Anna Kelles is a member of the New York State Assembly and she is the one who authored the crypto bill that will impose a ban on all proof-of-work mining. She not only wrote the legislation in question, but also sponsored it and is unhappy with all the fear mongering about it. The bill states that a two year ban be imposed on crypto mines in the state of New York that are using the proof-of-work (PoW) method of mining. The early hours of Friday morning in the previous week saw the bill in question pass the senate. Now, Kathy Hochul, the Governor, is the one who will decide whether to impose it or not.
Kelles said that people need to understand that the bills is not a ban. She said that the document has three pages and it would have been great if people had read it. Unfortunately, she stated that people were interpreting it based on their emotions. She stated that the goal of the bill is to cut down the carbon footprint of the state and it would do so in the case of crypto mines that fall under a very specific criteria. First off, she said that companies that validate their blockchain transactions via the energy-intensive PoW method would fall under this ban.
Some of the other requirements include the companies obtaining the power they require from those power plants that generate electricity by burning fossil fuels. Moreover, the bill also says that the ban would only be applicable in the case of mines that are looking to renew or expand their permits and they would not allow any new companies meeting this criteria to set up either. Bitcoin is considered synonymous with the PoW mining method, one that has become notorious for needing advanced equipment and consuming excessive amounts of energy.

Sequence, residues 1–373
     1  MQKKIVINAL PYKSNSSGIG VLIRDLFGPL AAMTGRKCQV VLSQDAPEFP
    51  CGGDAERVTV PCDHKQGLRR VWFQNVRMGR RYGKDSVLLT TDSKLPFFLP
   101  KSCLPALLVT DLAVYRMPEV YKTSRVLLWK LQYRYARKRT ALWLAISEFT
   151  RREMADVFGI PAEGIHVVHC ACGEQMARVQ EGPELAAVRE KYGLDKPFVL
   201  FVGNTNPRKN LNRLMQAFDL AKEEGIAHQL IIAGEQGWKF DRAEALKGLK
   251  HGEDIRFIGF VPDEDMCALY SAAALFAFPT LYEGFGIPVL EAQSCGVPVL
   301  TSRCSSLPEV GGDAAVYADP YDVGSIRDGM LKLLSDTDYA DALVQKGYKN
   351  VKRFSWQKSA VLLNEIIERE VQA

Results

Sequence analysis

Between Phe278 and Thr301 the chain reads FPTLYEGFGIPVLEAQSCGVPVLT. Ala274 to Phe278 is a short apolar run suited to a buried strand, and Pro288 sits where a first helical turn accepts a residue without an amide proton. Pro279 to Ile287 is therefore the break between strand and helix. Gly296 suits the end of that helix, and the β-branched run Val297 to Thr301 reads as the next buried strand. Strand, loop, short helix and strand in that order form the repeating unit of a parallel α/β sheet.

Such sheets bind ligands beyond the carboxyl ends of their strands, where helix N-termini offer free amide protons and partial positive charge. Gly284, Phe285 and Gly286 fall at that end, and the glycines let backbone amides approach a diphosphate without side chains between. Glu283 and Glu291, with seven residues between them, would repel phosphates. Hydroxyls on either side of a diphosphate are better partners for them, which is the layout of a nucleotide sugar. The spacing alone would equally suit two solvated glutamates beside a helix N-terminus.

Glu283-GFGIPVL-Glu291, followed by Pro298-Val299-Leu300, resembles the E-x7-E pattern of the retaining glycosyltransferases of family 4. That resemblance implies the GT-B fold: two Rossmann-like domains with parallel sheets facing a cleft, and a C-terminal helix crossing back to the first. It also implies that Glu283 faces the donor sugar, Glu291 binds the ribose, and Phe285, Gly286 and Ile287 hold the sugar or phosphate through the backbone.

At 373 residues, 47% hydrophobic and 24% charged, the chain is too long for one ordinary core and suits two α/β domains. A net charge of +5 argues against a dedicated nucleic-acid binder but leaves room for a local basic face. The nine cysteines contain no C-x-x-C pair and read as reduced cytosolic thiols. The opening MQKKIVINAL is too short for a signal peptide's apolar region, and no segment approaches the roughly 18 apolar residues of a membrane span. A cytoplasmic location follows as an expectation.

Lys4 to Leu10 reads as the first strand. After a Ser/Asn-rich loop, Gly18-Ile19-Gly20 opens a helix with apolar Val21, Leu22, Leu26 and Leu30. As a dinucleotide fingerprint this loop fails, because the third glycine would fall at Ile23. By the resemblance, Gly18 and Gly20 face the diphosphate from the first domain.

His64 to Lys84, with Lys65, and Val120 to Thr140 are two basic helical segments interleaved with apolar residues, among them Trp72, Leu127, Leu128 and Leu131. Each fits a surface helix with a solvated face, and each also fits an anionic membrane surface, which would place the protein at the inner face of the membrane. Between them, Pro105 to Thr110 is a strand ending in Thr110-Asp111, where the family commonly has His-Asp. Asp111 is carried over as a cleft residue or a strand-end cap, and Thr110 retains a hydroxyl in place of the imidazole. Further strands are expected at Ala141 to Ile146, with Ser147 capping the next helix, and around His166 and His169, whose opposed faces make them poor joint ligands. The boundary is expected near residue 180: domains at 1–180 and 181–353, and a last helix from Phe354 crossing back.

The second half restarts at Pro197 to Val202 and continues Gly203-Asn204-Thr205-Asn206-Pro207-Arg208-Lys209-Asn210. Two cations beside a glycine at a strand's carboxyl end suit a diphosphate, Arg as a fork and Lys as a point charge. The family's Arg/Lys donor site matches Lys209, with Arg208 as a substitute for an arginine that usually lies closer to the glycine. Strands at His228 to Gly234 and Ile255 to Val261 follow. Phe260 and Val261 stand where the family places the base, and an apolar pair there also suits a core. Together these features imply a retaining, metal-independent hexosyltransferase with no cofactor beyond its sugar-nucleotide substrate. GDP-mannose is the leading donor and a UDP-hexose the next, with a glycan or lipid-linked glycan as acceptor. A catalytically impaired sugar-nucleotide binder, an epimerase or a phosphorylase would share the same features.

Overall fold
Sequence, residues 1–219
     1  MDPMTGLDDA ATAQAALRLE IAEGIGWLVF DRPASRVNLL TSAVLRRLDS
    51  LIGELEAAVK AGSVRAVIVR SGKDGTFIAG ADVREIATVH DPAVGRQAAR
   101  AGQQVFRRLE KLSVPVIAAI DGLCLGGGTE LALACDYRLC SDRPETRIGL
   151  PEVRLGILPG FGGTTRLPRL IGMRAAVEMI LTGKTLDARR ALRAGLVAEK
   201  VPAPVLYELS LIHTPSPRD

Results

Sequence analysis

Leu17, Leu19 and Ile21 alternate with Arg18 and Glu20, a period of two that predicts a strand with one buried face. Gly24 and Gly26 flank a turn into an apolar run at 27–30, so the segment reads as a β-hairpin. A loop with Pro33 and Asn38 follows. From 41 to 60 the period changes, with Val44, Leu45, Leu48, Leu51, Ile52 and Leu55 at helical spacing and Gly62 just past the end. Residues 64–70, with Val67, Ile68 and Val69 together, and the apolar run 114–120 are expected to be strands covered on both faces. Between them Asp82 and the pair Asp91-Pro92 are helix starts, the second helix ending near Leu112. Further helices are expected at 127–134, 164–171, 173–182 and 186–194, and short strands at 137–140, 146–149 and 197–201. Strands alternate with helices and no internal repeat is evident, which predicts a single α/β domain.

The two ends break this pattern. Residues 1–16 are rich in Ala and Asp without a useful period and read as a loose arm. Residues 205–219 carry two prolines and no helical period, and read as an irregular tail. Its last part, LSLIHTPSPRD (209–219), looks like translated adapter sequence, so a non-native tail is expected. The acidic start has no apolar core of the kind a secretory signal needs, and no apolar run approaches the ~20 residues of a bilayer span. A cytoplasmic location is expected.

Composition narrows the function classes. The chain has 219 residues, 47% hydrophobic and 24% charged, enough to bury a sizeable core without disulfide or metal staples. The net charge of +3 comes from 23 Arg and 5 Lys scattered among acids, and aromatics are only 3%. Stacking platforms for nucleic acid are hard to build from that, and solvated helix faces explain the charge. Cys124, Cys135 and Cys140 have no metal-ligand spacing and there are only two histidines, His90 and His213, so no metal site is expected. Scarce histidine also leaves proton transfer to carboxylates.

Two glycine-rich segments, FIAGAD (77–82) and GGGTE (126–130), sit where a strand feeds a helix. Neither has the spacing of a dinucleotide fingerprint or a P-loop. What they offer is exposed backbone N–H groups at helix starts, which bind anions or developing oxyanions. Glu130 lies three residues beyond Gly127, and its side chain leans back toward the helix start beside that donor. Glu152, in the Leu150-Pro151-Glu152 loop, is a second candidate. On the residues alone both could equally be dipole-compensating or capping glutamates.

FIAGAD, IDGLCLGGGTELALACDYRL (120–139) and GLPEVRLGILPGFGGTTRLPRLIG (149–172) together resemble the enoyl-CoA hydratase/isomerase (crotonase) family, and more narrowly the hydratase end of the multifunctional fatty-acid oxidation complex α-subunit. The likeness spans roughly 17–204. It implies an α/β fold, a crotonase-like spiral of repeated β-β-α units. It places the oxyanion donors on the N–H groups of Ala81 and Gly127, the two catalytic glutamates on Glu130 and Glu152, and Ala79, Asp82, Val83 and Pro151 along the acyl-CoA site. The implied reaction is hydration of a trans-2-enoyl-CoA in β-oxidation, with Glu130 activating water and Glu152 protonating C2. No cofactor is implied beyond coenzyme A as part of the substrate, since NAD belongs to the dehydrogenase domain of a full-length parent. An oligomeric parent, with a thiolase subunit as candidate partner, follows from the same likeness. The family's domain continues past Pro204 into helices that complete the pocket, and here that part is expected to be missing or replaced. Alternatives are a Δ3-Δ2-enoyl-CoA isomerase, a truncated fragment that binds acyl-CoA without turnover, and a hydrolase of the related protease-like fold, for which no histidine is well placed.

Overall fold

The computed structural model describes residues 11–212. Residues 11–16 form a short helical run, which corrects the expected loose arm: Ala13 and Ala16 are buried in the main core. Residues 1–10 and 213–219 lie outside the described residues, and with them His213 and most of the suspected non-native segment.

The same method is also used by Ethereum, but the protocol is shifting towards a proof-of-stake method, which is not expected to happen for the next few months at least. Kelles explained that if it is a crypto mining operation that has thousands of processors for crypto mining that are directly tied into the grid, referring to the one that exists in Syracuse, then the ban would not be applicable on such a facility. She has also disclosed that she does not possess any cryptocurrencies, but does research on the sector.
She also elaborated that the bill would not have any impact on operations in power plants that already exist and it will not affect small-scale miners who are working from their basement with a handful of computers. Kelles also added that her legislation was only meant to work as a pause button on the crypto mining industry in the state that uses power plants running on natural gas and coal. As this affects the aggressive climate laws of New York, she came up with the legislation because by the year 2050, the state has to be neutral when it comes to greenhouse gas emissions.